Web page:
Mawgan of Melhuach by Robert Stephen Hawker
The Mother's Ghost by Henry Wadsworth Longfellow
The Dead Mother by Robert Buchanan

Legends And Ballads Of The Dead
The Folk of the Air by William Butler Yeats
The Reconciliation by A. Margaret Ramsay
The Priest's Brother by Dora Sigerson Shorter
The Ballad of Judas by Iscariot Robert Buchanan
The Eve of St. John by Walter Scott
Fair Margaret's Misfortunes, Anon.
Sweet William's Ghost, Anon.
Clerk Saunders, Anon.
The Wife of Usher's Well, Anon.
A Lyke-Wake Dirge, Anon.

Devil Stories
The reader will find between the covers of this book Devils fascinating and fearful, Devils powerful and picturesque, Devils serious and humorous, Devils pathetic and comic, Devils phantastic and satiric, Devils gruesome and grotesque. I have tried, though, to keep them all in good humour throughout the book, and can accordingly assure the reader that he need fear no harm from an intimate acquaintance with the diabolical company to which he is herewith introduced.
Maximilian J. Rudwin in his introduction


01. The Devil in a Nunnery: A Mediaeval Tale by Francis Oscar Mann
02. Belphagor, Or The Marriage of the Devil by Niccolò Machiavelli
03. The Devil and Tom Walker by Washington Irving
04. From the Memoirs of Satan by Wilhelm Hauff
05. St. John's Eve by Nikolái Vasilévich Gógol
06. The Devil's Wager by William Makepeace Thackeray
07. The Painter's Bargain by William Makepeace Thackeray
08. Bon-Bon by Edgar Allan Poe
09. The Printer's Devil, Anon.
10. The Devil's Mother-In-Law by Fernán Caballero
11. The Generous Gambler by Charles Pierre Baudelaire
12. The Three Low Masses: A Christmas Story by Alphonse Daudet
13. Devil-Puzzlers by Frederick Beecher Perkins
14. The Devil's Round: A Tale of Flemish Golf by Charles Deulin
15. The Legend of Mont St. Michel by Guy De Maupassant
16. The Demon Pope by Richard Garnett
17. Madam Lucifer by Richard Garnett
18. Lucifer by Anatole France
19. The Devil by Maxím Gorky
20. The Devil and the Old Man by John Masefield

Since I haven’t reviewed the anthologies here, as I should have, the least I can do is provide you with the links to all three, at Manybooks, right here—Best Ghost Stories, The Haunted Hour and Devil Stories. You can download them in any format you like. Hurrah for Creative License!

16 comments:

  1. Some good ones there. I've read many of these, though not in these specific collections.

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    1. Charles, an absolute treasure. I have read a few myself, mostly during office lunch breaks. The ghost poems edited by Margaret Widdemer are a terrific compilation.

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  2. Some really intriguing content there Prashant and I am only familiar with abotu half the authors listed so thanks very much. Incidentally, A Walk Among the Tombstones is a great read, Block (and Scudder) at his best.

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    1. Sergio, you're welcome as always. The whole purpose of listing anthologies here is to introduce them to readers who may not know of their existence, especially among readers in India. I too am familiar with only half the authors and am getting acquainted with the rest. I'm still debating which Block novel to read given that I'm reading three books currently. I might take you up on "A Walk Among the Tombstones" though.

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  3. Thanks for these. Carol Buchanan just transformed a ho-hum title for a new book, BEAVERHEAD ROCK, into a grabber: THE GHOST AT BEAVERHEAD ROCK. Amazing the power that one word wields.

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    1. Ron, thanks for the heads-up. I recall reading your interview with writer Carol Buchanan recently. I agree, THE GHOST AT BEAVERHEAD ROCK does make you want to read the book more than perhaps you'd without the spirit-ed word.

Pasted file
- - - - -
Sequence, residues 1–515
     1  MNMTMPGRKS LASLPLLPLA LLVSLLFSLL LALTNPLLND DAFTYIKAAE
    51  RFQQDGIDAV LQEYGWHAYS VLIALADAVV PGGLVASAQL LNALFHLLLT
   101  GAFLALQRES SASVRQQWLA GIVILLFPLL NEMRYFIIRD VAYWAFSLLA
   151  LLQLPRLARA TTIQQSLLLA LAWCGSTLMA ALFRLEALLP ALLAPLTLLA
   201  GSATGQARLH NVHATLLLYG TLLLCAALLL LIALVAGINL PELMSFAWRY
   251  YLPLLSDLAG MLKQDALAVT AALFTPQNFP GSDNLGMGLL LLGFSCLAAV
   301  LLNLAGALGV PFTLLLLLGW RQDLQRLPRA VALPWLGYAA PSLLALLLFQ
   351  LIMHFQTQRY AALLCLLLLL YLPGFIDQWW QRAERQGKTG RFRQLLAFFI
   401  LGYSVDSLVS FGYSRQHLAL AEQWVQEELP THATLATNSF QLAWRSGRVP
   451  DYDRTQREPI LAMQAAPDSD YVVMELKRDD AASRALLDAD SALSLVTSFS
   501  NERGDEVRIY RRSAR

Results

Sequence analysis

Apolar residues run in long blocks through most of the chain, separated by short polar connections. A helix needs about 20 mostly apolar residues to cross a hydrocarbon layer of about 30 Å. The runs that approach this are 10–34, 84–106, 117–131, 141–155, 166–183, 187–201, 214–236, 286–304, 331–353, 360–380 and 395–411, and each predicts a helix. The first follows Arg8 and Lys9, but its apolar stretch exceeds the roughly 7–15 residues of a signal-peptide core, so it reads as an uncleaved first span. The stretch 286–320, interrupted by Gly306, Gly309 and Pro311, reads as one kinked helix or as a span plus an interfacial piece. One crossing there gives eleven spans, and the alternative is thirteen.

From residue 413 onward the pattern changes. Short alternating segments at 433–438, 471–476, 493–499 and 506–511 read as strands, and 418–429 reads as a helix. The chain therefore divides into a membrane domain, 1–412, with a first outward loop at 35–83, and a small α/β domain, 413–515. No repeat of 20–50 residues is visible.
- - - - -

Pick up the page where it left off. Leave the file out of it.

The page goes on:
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  4. I've read all three books and there's some good stuff in each one. Thanks for posting this.

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    1. Jerry, you're most welcome. It's amazing that you've read all three books. Have you reviewed them over at your blog?

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  5. Some solid anthos there, though I've not seen them before (but have read a number of the stories and most of the writers). A slight typo on Alfred Noyes's name in the TOC for the “My Love That Was So True” section of THE HAUNTED HOUR...I spelled out your anthology titles and editors in the lists I've circulated to YahooGroups and the librarians' list I'm on...

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    1. Todd, thanks for the appreciation. A leaf out of your own blog where you have reviewed some formidable anthologies over the past several months. Thanks again for correcting me on Alfred Noyes' spelling, which I have done accordingly, as well as for including these anthos at Yahoo Groups and library lists...that was very thoughtful of you. As you can see, I'm gathering these e-collections faster than I can read them. The good thing is you don't have to read them from cover to cover like a novel.

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  6. An anthology of ghost poems! That's the first time I am hearing for one. Thanks for the links. I'll head there asap. The quote at the beginning about the devil being true is terrifying. All that hellish fire just waiting for us...

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    1. Neer, you're welcome. I have read a few stories and poems from these anthologies and they are absolutely fascinating, both in substance and narration. I'm sure you're going to enjoy reading them.

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  7. Hi-this to give you my link to my post for Book Blogger Appreciation week in which I mention your blog

    http://rereadinglives.blogspot.com/2012/09/book-blog-appreciation-week-2012-day-one.html

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    1. What can I say, Mel, except thank you very much. I'll hop across and have a look.

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  8. A great list, I've thought of a Devil related one Dr Mephisto By Chris Emery, this is a book of poetry, here's a link http://www.saltpublishing.com/shop/proddetail.php?prod=9781844715299
    Another that may be of interest is Japanese & Chinese Ghost stories: 5 books by Lafcadio Hearn

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    1. Parrish Lantern, thanks for the kind words. I'm familiar with "Dr. Mephisto" by Chris Emery though I haven't read it. Thanks for the link to this as well as mentioning the "Japanese and Chinese Ghost Stories." I enjoy reading stories from the Orient so long as they are translated well.